Should we rejoice that as a result of a
shrinking world there is a universality of style in the Plastic Arts? Should we rejoice in
the disappearance of local schools, particularisms and the folklore so dear to our
forefathers? I think so. However it may be, this evolution toward universality is
irreversible. Nevertheless, this does not by any means exclude diversity, for as we have
known for a long time, there are as many styles as there are artists endowed with an
York Wilson seems to me to be a living example of what I am saying.
He is man and painter before being Canadian and his painting is a direct expression of the
pre-eminence of both man and painter, over ethnic or national allegiance. There is
no National Art, said Kurt Schwitters, 40 years ago, any more than there is a proletarian
Art. Art exists as such and Art as such must be served.
I would readily call York Wilson a disciplined lyric. All of him is a
combination of energy and direction. The muted harmonies lead to an awareness of a sort of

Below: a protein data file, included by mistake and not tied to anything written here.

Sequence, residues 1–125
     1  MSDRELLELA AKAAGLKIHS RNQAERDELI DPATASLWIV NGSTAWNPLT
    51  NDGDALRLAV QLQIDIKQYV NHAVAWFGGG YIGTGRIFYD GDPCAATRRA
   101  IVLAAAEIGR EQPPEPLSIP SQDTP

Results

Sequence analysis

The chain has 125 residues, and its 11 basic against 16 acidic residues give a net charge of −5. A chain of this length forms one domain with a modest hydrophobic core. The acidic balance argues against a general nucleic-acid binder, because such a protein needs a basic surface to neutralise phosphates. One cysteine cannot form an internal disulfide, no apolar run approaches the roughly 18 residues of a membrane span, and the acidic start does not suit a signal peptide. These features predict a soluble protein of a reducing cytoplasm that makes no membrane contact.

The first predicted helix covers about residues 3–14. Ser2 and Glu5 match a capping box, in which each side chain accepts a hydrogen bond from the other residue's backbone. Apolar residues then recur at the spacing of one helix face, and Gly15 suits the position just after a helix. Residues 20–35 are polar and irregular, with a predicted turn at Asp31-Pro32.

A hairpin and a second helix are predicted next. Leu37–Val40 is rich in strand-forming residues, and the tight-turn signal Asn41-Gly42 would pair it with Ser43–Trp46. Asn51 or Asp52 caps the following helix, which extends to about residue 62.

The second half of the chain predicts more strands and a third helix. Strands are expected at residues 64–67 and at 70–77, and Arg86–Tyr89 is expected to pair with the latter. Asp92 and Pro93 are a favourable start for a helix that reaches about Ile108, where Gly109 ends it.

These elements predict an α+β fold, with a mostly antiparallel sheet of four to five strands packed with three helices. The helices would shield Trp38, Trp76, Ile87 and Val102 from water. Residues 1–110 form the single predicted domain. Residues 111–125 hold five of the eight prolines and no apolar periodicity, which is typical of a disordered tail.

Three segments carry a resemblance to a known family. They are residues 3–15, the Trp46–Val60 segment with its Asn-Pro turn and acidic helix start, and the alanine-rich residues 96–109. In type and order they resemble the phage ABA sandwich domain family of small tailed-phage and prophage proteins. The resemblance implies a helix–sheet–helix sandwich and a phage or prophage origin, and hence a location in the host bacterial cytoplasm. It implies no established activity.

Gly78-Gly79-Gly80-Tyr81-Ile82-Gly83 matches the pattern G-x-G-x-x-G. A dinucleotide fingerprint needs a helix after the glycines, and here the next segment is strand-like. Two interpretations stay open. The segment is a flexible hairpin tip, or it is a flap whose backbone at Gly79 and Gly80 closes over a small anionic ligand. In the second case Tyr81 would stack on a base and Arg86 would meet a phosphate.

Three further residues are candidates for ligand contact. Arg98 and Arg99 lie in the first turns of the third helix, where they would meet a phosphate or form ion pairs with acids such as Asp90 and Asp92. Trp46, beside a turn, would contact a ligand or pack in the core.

peaceful struggle, to the quiet affection of an enthusiastic temperament governed by
sensitivity. The rule which guides creativity allows for a margin of liberty which makes
it appear that painting creates itself as Nature does. A Nature non-eruptive, which has
long since disavowed all excess.
Thus does York Wilsons painting lead us into a garden which is in
some way his conception of man. And if this garden contains accidents, imperfections,
fallow land, even its preconceived desert, it is because this conception of man implies a
multitude of ways of life, in the image of the multiplicity of nature.
There is, in this painter, a visionary gardener enamoured with immensity,
but in this gardener is hidden a poet. A poet of intimacy. Only abstract painting permits
these propitious harmonies of apparently irreconcilable dimensions.